Light absorbed by chlorophylls of Photosystems II and I drives oxygenic photosynthesis. Light-harvesting complexes increase the absorption cross-section of these photosystems. Furthermore, these complexes play a central role in photoprotection by dissipating the excess of absorbed light energy in an inducible and regulated fashion. In higher plants, the main light-harvesting complex is trimeric LHCII. In this work, we used CRISPR/Cas9 to knockout the five genes encoding LHCB1, which is the major component of LHCII. In absence of LHCB1, the accumulation of the other LHCII isoforms was only slightly increased, thereby resulting in chlorophyll loss, leading to a pale green phenotype and growth delay. The Photosystem II absorption cross-section was smaller, while the Photosystem I absorption cross-section was unaffected. This altered the chlorophyll repartition between the two photosystems, favoring Photosystem I excitation. The equilibrium of the photosynthetic electron transport was partially maintained by lower Photosystem I over Photosystem II reaction center ratio and by the dephosphorylation of LHCII and Photosystem II. Loss of LHCB1 altered the thylakoid structure, with less membrane layers per grana stack and reduced grana width. Stable LHCB1 knockout lines allow characterizing the role of this protein in light harvesting and acclimation and pave the way for future in vivo mutational analyses of LHCII.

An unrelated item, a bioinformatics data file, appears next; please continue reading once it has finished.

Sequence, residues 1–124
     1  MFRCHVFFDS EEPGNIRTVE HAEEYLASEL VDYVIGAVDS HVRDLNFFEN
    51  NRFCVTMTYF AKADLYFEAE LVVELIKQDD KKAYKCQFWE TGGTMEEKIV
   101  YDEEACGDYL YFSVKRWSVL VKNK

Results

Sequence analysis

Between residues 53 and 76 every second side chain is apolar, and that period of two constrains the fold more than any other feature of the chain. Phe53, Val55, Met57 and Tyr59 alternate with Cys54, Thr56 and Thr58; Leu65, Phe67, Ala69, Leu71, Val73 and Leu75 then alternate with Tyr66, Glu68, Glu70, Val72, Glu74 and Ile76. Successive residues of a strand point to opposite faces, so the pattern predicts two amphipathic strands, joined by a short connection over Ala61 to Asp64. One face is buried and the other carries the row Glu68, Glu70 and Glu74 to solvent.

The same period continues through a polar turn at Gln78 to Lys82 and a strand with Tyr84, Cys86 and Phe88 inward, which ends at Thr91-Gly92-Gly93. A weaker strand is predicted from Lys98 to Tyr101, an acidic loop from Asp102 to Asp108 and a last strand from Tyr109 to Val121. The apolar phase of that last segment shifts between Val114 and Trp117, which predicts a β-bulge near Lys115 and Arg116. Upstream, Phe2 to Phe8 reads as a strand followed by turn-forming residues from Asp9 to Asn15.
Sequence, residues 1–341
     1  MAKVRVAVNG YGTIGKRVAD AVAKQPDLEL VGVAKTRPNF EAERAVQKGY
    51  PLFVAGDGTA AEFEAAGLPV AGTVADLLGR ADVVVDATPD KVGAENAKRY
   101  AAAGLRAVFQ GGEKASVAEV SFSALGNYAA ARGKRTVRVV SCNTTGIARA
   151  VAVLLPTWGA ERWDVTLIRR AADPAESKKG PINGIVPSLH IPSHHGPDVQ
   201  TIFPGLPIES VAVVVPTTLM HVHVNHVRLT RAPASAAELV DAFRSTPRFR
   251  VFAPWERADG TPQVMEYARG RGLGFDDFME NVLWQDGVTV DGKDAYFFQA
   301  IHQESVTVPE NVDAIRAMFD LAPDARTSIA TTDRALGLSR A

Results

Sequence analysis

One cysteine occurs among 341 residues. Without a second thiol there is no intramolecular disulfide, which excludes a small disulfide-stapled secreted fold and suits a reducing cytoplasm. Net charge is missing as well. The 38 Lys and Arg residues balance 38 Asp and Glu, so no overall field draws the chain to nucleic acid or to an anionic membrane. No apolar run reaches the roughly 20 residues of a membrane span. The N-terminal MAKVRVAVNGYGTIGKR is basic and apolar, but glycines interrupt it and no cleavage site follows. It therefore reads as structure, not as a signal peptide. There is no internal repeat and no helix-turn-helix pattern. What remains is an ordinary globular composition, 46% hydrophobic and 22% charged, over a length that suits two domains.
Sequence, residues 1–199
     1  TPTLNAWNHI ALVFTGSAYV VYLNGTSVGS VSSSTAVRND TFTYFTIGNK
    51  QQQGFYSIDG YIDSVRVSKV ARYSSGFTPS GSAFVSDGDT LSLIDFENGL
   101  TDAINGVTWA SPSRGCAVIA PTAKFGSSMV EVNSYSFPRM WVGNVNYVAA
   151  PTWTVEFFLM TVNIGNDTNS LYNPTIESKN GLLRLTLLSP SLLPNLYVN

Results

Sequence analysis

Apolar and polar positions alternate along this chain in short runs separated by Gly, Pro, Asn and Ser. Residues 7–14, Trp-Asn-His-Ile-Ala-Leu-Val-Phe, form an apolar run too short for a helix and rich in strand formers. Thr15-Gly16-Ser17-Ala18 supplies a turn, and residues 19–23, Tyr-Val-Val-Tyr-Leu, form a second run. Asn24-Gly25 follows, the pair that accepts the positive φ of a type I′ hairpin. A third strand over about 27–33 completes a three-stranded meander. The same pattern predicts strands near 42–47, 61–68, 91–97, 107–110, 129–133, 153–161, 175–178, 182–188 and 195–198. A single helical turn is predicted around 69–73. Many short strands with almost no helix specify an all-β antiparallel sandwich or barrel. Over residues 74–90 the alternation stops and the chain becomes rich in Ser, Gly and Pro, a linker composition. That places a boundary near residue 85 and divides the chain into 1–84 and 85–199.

- light harvesting